Should You Take a Gap Year or go to College Right Away?

The pros and cons of waiting before enrolling
For an assortmentStudent looking at books of reasons, a number of graduating high school seniors opt to take time off before enrolling in college classes. Taking this “gap year” is beneficial in many ways, but it also could be a hindrance. Before deciding, educate yourself on the advantages and disadvantages of taking a gap year.

Pros

  • It allows students to recharge after years of the academic grind. In fact, Robert Clagett, former dean of admissions at Middlebury College, saw a higher GPA by up to .2 for students who took a gap year.
  • It gives students more time to gain some perspective on where they are and where they want to be in the future.
  • Many students use the gap year to gain valuable work experience or volunteer, which are not only great resume-builders, but also result in increased focus and maturity — both crucial aspects for the life of a future college student.
  • Working full-time can help students save up for the large costs associated with college — i.e. tuition, room and board, books, etc.
  • Barring extreme circumstances, most students can pick up their education right where it left off after a short break.

Cons

  • Those who wait before applying or enrolling can lose access to important resources such as guidance counselors and scholarship opportunities available to those fresh out of high school.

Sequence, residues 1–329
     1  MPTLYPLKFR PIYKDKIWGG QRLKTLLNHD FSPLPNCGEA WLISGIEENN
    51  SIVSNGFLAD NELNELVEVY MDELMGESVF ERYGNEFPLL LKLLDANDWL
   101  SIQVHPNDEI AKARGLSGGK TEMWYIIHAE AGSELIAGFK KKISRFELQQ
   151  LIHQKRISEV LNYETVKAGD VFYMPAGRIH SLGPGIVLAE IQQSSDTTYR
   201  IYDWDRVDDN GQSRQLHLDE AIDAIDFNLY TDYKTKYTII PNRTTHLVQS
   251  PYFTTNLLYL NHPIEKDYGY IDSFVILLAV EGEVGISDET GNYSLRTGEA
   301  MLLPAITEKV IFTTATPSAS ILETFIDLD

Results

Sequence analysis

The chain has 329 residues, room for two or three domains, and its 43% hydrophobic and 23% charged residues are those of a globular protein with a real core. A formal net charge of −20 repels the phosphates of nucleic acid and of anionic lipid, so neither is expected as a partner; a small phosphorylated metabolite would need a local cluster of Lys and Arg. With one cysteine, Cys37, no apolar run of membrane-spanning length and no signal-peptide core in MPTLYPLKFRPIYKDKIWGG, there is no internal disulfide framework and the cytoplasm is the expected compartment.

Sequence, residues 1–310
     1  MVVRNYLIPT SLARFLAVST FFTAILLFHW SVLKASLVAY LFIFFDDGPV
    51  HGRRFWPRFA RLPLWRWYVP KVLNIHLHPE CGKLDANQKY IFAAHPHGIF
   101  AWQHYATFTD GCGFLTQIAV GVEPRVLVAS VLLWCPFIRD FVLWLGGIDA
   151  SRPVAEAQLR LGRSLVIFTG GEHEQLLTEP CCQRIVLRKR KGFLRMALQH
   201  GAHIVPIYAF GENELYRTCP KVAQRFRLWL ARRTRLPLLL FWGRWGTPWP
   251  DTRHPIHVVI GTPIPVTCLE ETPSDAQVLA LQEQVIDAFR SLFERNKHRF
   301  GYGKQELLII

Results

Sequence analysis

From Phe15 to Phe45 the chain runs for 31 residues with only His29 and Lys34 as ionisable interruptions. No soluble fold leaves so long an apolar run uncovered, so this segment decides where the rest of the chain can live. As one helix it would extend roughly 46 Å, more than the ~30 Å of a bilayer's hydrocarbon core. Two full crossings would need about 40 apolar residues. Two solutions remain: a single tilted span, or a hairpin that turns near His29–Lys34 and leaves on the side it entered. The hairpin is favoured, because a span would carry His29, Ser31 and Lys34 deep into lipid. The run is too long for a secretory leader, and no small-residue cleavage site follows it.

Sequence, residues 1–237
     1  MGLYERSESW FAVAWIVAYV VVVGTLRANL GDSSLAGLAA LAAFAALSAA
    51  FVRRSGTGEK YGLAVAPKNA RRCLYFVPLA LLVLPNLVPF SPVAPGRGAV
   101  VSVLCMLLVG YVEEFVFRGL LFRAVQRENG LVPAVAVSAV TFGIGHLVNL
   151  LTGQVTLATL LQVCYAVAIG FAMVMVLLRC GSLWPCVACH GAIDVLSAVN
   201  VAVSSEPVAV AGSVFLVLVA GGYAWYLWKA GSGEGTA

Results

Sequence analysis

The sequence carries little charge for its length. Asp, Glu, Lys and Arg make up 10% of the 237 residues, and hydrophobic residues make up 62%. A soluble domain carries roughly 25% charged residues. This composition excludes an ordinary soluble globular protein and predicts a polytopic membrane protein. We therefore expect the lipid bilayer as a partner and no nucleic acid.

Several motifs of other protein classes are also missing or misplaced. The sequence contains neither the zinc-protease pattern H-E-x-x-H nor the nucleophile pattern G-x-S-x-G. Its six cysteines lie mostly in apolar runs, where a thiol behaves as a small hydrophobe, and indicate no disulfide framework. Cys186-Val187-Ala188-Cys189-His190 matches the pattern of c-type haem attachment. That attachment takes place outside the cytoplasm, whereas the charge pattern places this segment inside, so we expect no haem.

• According to a recent article in Time magazine, many parents worry that once their child steers away from the typical track, they’re less prone to go back.
  • Gap year’s can be expensive as Rasmussen.edu explains, “Even with a clear cut and properly executed plan, opponents say a gap year can be expensive, adding to student debt and sometime[s] making college harder to afford.”
  • Starting a year later means finishing a year later, further pushing off the actual start of your career, and with a competitive job market, this could set you back even further.
  • Your skills could suffer with the time off. Bradford Holmes of Varsity Tutors noted, “If you don’t feel burned out, it may be best to continue your schooling without a break and maintain academic momentum.”

Planning for a successful gap year
If you do decide to take a gap year, it is important to be fully prepared to avoid the negatives that may come, and to develop a clear plan on action. Start planning ahead by speaking with high school and college counselors and having an internship, job or volunteer opportunity already lined up. You can also meet with lenders of student loans or grants to help ensure your gap year won’t turn into a horror story. Regardless, your decisions will have tremendous implications on your future. The positivity or negativity of those effects is all up to you.

There is no wrong choice when it comes to taking a gap year. Draw your own conclusion, but when the time comes for financing your college education, stop by and see the options we have for you.

Used with Permission. Published by IMN Bank Adviser Includes copyrighted material of IMakeNews, Inc. and its suppliers.

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